A usurper is an illegitimate or controversial claimant to power, often but not always in a monarchy. In other words, one who takes the power of a country, city, or established region for oneself, without any formal or legal right to claim it as one's own. Usurpers can rise to power in a region by often unexpected physical force, as well as through political influence and deceit.
The word originally came from the Latin word usurpare (“to seize", "to take forcefully" or "to use”).
The Greeks had their own conception of what usurpers were, calling them tyrants. In the ancient Greek usage, a tyrant (tyrannos/τύραννος in Greek) was an individual who rose to power via unconstitutional or illegitimate means, usually not being an heir to an existing throne. Such individuals were perceived negatively by political philosophers such as Socrates, Plato and Aristotle.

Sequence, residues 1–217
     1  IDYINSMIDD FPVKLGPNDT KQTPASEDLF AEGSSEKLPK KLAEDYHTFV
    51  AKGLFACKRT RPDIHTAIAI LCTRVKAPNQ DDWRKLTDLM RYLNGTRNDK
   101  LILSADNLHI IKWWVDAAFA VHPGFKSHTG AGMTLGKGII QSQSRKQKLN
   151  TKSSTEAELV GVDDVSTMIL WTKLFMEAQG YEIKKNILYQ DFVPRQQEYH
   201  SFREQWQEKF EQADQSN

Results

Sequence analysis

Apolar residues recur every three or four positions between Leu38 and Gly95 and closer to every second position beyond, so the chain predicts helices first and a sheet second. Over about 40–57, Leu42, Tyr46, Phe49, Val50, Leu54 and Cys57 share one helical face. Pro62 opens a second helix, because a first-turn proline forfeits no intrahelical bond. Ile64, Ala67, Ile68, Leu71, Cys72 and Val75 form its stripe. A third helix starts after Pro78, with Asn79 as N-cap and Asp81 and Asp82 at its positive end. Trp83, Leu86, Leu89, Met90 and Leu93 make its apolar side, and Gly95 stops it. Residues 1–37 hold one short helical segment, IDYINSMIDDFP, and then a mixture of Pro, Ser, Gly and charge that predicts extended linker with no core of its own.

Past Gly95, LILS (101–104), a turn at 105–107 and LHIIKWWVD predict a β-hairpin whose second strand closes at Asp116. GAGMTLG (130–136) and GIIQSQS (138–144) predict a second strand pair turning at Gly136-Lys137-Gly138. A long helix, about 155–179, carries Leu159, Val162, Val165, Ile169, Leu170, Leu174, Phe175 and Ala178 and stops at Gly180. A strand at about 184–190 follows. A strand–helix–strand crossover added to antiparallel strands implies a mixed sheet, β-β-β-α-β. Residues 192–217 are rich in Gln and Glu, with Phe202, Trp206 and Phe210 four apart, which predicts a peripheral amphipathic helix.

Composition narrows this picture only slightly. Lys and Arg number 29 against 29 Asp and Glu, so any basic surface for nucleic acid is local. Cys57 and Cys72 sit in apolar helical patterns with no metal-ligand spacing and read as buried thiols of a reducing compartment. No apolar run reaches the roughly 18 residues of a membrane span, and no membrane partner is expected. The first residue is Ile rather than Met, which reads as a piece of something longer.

Usurpers often try to legitimize their position by claiming to be a descendant of a ruler that they may or may not be related to.